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News announcer quotes Vladimir Putin that "the loss Georgia was a major geopolitical tragedy of the twentieth century" (apparently meaning the South Ossetian War 1991-92). Putin has never said that. In fact, in 2005 he referred to collapse of the Soviet Union the main geopolitical tragedy of the twentieth-century. See more »
No Fear of Heights
Written and Performed by Katie Melua
Courtesy of Dramatico Entertainment Ltd. See more »
5 Days of War is a film not out to give an accurate depiction of the 2008 Russo-Georgia War, but to gloss over any implications and make its own biased, fictitious version of it. War is a touchy subject to conduct a film on, but thankfully, many war films have been exceptionally well done and stellar in quality. This is the first one I've come across that is poor in quality.
It's so rare to see a war film robbed of all character development, emotional elements, plot, coherency, and facts. Yet, 5 Days of War shows us that it is possible and that when done in such poor quality it can further cement an event into a sea of puzzlement. The United States of America wasn't up to date come time of the Russo-Georgia War in August of 2008, and Bush had decided to leave the country out of it. A smart move if you ask me. The US was already starting to get hit with one of the most deadly recessions of all time and, already fighting two wars, it was a good plan to let two other countries just settle out the differences by themselves. So, to release a film in America about the war was actually not a bad idea. The problem? Because our knowledge on it is so limited we could easily be persuaded the wrong way. And that is what 5 Days of War appears to be doing. Persuading people the wrong way.
Georgia and Russia both committed several atrocities in the time of the war. The film makes it look like Georgia was minding its own business and the big, bad Russians just decided to blow the hell out of everything Georgian. Georgia actually helped to trigger the Russians into fighting back in the war. That part is almost wholly absent.
The film revolves around Thomas Anders (Friend), a reporter who was rescued upon visiting Iraq with colleagues after being gunned down in their car. A year later, he gets word that conflict is brewing in Georgia, so heads out to cover the story. Anders meets a young Georgia woman named Tatia (Chriqui) and another reporter named Sebastian (Coyle) where they must learn to survive during the war.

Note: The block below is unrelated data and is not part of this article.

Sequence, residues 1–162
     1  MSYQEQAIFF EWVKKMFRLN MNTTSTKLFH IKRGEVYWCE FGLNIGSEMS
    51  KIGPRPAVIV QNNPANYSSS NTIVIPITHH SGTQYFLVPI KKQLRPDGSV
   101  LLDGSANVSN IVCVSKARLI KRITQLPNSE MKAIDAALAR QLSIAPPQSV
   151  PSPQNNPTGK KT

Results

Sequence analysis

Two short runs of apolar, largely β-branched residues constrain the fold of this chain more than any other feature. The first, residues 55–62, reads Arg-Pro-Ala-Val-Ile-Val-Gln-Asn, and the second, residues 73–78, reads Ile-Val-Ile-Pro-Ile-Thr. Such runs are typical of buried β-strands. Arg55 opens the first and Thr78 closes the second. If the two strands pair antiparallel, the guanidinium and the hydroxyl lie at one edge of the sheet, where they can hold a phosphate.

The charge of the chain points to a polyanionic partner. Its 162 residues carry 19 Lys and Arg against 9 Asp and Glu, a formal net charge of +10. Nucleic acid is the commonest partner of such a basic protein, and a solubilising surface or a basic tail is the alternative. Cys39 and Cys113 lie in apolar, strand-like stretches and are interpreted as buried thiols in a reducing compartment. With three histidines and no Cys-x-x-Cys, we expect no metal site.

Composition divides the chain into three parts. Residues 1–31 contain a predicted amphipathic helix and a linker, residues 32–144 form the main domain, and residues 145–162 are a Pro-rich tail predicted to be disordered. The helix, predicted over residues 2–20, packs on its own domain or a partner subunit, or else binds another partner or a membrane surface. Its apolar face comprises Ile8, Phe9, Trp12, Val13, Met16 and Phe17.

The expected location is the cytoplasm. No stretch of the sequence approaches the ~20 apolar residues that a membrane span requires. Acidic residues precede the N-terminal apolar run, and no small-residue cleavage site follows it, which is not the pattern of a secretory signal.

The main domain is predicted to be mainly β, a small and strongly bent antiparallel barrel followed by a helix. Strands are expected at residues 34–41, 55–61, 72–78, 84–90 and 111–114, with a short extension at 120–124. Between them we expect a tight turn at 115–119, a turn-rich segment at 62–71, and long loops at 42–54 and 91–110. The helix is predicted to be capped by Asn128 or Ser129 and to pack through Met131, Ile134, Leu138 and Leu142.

It seems 5 Days of War is less concerned with actuality and being an informative piece of work, and instead tries to be a gritty action film. Going into this expecting a nice, expansive retelling of events leading up to the war, I was presented with typical war schlock with loud, unnecessary gunfire and over-exaggerated acting all around. This is also one of the first war films I've ever seen that was void of all things emotional. It was moot in the field of playing with your tear-ducts, mainly because you don't know the characters well enough to form any sort of opinion about them. There is a scene where one of the main characters is shot off of the back of a moving truck. Her friends and companions are clearly shocked and sobbing uncontrollably. We as audience members are staring blankly wishing a tear or two would form. Alas, nothing but utter silence followed by increasing restlessness and dreariness.
At the very end, the film goes sentimental and right before the end credits we see many people who've lost relatives in the five day war between the feuding countries holding pictures of their loved ones and honoring them respectably. Even in this field emotion doesn't ring, but we do feel sort of uneasy. Think about it; you watch an empty, mundane war film that is absent of emotional elements only to be tested for tears one more time before the credits role showing people who have lost their loved ones in the same event. The whole act sounds contrived and almost unforgivable.
Starring: Andy García, Val Kilmer, Richard Coyle, Emmanuelle Chriqui, Rupert Friend, Johnathon Schaech, Dean Cain, Rade erbedija, Antje Traue, and Heather Graham. Directed by: Renny Harlin.
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